• Collaborative Project (2023)
    Supporting integration of conservation and public health in the upland forests of Bougainville and the lowlands forests of Sepu, Papua New Guinea (PNG) — Sussex Sustainability Research Programme
    Building upon a fruitful 22-year collaboration on tropical forest conservation between the PI and the partner institute in Papua New Guinea (PNG) as well as on the previous successful SSRP-funded project (SURFACES), the research team will lay the foundations for the integration of health and conservation initiatives at two more sites in Melanesia: Bougainville Island’s upland forests and the lowland forests of Sepu, Papua New Guinea (PNG). This cross-school project will provide baseline data on indigenous health and biodiversity, and medical treatment of urgent cases will be provided alongside data collection.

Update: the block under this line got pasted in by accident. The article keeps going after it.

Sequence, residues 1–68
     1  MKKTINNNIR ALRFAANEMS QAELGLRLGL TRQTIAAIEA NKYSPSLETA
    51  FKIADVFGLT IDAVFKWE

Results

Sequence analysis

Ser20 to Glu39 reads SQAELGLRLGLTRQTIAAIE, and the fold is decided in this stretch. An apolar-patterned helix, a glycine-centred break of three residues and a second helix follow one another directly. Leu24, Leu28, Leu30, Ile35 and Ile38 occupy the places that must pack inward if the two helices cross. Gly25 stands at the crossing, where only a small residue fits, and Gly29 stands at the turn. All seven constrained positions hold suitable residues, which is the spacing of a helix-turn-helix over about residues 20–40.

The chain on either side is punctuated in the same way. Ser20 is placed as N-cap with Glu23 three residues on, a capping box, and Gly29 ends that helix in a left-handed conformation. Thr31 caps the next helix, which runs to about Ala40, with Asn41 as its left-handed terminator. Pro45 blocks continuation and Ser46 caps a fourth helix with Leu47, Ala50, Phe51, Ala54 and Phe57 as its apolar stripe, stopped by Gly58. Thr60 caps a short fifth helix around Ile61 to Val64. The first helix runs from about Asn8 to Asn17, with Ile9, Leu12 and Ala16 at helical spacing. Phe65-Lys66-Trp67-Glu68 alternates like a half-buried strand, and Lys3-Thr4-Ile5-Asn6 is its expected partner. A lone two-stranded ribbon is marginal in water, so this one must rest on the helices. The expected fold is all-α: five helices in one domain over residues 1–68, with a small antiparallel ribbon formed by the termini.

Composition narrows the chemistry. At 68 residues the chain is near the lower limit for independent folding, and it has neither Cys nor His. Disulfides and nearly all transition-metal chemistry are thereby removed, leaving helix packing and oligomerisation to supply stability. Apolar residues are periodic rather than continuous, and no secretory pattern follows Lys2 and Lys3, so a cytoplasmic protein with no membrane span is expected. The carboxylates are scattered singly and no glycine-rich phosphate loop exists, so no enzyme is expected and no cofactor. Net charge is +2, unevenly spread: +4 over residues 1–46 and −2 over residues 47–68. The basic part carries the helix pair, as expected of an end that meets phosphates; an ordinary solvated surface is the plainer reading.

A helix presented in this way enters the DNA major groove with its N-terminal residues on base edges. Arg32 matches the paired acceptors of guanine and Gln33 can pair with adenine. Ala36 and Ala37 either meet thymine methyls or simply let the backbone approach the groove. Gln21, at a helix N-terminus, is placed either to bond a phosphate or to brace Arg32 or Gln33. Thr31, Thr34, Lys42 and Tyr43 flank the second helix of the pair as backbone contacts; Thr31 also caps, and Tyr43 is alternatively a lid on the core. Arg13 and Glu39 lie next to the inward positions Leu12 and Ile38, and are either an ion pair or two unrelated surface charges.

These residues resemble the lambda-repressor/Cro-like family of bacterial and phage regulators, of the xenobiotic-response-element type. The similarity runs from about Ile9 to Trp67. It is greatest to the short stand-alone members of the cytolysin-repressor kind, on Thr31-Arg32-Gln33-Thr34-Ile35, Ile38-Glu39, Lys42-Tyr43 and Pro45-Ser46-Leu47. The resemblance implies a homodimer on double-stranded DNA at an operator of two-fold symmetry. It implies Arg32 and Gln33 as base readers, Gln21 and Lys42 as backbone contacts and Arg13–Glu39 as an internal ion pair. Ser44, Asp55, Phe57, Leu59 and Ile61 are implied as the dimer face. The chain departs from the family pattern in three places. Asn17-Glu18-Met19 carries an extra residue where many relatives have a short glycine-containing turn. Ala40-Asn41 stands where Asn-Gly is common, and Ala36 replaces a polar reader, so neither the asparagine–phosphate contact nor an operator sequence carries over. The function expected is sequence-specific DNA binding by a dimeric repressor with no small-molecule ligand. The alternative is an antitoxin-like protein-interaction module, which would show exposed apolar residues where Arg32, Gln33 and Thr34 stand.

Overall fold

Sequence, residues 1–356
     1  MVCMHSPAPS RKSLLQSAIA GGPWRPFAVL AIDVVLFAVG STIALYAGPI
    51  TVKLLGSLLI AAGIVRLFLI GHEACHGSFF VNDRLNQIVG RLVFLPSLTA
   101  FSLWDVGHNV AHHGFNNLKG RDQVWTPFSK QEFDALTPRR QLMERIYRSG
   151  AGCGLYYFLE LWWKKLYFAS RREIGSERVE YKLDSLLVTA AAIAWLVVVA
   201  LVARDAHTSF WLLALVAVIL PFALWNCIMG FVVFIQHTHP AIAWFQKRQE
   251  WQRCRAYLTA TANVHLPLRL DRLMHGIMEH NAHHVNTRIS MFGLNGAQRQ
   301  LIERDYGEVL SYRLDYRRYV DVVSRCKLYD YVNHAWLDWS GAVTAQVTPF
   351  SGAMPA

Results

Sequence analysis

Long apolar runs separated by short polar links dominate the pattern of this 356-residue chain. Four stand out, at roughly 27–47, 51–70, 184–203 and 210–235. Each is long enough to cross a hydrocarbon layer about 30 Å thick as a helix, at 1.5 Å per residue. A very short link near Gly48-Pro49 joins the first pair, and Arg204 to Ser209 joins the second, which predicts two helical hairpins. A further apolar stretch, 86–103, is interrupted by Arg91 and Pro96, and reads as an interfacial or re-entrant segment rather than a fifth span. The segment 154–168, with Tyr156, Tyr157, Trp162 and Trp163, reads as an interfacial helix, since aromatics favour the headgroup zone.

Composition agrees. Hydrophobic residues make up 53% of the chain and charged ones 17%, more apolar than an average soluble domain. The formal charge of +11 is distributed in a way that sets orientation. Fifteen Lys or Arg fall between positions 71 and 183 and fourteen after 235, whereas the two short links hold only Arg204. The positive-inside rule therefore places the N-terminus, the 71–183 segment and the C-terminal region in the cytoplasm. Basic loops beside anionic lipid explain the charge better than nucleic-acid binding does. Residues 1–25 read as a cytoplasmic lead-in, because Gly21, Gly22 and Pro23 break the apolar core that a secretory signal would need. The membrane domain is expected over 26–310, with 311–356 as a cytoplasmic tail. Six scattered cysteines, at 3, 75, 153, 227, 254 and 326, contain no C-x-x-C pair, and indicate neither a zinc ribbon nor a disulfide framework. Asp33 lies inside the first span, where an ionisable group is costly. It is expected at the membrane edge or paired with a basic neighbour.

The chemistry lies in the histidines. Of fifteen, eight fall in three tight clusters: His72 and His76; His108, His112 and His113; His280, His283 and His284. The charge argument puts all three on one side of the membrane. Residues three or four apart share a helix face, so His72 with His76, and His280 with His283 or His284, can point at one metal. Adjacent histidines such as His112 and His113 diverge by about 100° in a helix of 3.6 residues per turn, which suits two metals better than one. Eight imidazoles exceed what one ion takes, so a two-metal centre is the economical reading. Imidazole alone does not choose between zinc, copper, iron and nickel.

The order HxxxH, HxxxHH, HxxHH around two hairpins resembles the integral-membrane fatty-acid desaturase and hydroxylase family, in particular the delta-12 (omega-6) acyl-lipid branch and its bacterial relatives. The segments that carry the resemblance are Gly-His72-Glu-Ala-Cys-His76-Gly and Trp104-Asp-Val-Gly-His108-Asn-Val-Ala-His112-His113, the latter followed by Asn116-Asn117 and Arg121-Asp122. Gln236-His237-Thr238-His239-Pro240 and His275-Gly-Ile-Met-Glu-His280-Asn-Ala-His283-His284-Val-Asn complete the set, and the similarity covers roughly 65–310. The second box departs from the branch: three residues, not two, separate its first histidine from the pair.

• Collaborative Project (2023)
    Creating visual and policy communication and impact to build on SSRP’s successful conservation and health integration in Papua New Guinea, and our mapping of similar projects worldwide — Sussex Sustainability Research Programme
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    The database of experts counts today 1236 profiles, of which 593 are publicly accessible, while 643 have chosen to remain private.

    These persons have defined 747 unique keywords in which they situate their research interests and expertise.

    They have also defined and described 648 'experiences' (research and teaching activities, consulting work, or applied projects) in which they have contributed.